The Botswana Mine Workers Union (BMWU) has enlisted an international health expert to establish the effects of scannex on its members who are also employees of a diamond mining giant, Debswana.
The union’s resistance to Scannex x-ray machine stems from fears of potential long-term adverse effects on employees’ health emanating from prolonged exposure to radiation, BMWU has said.
It has since emerged that the diamond mining company is pressing ahead with plans to introduce Scannex X-ray body search machines at its diamond mines. The employees, through the Botswana Mine Workers Union (BMWU) has expressed concern that they were not involved in the decision to roll out the project.
Speaking to this publication this week, the BMWU President Jack Tlhagale said through the assistance of their mother body, the Industrial Global Union based in Geneva, they managed to enlist the services of an international health scientist.
Tlhagale said the health expert is expected to compile a dossier on the effects of the sanning machine.
The expert will produce a report. They are expected to arrive in October.
Tlhagale has said that both parties have a duty to protect their people from radiation rather than focusing on profit taking on the expense of employees.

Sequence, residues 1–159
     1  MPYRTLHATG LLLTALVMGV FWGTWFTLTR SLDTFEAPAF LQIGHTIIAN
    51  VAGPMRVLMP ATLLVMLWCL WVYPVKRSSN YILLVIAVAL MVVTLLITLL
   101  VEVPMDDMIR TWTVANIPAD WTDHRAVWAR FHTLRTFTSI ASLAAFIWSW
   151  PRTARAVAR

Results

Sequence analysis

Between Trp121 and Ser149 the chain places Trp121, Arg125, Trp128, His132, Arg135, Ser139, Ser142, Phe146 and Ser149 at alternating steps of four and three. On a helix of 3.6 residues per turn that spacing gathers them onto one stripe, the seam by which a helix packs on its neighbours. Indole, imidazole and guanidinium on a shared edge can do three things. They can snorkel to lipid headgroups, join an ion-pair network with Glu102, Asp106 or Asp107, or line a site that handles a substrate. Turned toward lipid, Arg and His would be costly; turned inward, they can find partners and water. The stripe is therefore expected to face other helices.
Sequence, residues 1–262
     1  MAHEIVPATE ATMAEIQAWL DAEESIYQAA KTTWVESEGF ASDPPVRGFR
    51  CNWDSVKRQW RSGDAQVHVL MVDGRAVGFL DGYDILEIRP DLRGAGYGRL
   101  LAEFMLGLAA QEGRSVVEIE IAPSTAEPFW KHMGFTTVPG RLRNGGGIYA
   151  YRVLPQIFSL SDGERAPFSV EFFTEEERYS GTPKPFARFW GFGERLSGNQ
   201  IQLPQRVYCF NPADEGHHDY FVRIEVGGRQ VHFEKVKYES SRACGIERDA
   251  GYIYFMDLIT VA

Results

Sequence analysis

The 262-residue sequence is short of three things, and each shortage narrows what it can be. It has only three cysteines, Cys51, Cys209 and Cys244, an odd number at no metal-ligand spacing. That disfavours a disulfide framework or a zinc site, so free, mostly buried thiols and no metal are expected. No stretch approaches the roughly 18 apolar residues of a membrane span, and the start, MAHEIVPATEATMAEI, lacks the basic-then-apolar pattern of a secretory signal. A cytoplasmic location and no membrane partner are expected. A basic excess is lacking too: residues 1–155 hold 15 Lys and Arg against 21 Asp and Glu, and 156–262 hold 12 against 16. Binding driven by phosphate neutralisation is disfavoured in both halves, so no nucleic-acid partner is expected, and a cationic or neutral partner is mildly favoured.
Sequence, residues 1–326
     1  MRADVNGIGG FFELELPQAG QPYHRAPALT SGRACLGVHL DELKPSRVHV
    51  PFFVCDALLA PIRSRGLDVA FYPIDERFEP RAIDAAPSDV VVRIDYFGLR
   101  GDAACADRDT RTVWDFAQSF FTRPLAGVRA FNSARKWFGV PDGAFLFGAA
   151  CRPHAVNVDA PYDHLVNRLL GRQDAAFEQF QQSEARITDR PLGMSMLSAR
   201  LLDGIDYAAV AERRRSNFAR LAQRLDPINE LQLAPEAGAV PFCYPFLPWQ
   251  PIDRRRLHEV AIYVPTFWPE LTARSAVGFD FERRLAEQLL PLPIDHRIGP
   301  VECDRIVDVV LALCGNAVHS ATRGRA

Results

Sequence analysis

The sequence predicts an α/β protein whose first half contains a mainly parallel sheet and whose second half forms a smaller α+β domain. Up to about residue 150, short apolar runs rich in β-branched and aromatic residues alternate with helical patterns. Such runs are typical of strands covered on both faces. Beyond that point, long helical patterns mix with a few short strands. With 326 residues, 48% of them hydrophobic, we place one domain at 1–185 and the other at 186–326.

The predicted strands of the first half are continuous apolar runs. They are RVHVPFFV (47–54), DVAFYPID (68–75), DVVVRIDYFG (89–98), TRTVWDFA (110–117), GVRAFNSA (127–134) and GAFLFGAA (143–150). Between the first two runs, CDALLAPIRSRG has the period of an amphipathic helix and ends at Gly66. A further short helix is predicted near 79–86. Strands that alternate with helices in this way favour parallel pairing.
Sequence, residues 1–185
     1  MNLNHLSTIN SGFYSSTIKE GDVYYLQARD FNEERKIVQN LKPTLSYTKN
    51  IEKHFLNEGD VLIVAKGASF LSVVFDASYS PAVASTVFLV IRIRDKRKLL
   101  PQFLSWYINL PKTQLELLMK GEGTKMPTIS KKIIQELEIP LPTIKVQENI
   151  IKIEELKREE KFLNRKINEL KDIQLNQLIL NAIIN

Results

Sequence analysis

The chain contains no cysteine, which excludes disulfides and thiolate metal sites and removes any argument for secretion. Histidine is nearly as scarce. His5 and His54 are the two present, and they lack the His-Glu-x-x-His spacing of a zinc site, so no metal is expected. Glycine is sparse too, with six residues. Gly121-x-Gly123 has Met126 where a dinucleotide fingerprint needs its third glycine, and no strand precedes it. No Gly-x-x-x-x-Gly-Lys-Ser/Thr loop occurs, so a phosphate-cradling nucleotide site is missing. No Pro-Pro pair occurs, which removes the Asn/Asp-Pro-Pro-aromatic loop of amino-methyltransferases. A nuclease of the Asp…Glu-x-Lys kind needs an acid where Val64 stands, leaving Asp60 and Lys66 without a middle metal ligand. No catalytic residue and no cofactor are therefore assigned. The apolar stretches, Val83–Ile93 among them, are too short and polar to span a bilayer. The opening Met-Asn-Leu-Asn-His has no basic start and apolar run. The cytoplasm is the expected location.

“The matter has been dragging on over the years with no positive outcomes. The Union will not give up until its proven otherwise by a health expert that the machine is not a health hazard to our members”, said the BMWU President.
Tlhagale said in an effort to find a long lasting solution, BMWU is still negotiating with Debswana on the issue.
He said the Union and Debswana have to also agree on how best they can resolve the issue. He said they have since approached Debswana with a view to have the scientist conduct research on the machine.
Tlhagale said the scannex matter is expected to be on top of the agenda at the Union’s elective congress which will be held sometime this month in Tlokweng.
Debswana has over the years been experiencing growing theft of the rough diamonds, with some parts of South Africa said to be awash with the stolen stones from Debswana mines.
“As far as we are concerned, diamond theft cases in this country are minimal as evidenced by police reports and we believe that there is no need to introduce such a machine,” said Tlhagale.
Efforts to contact Debswana were futile.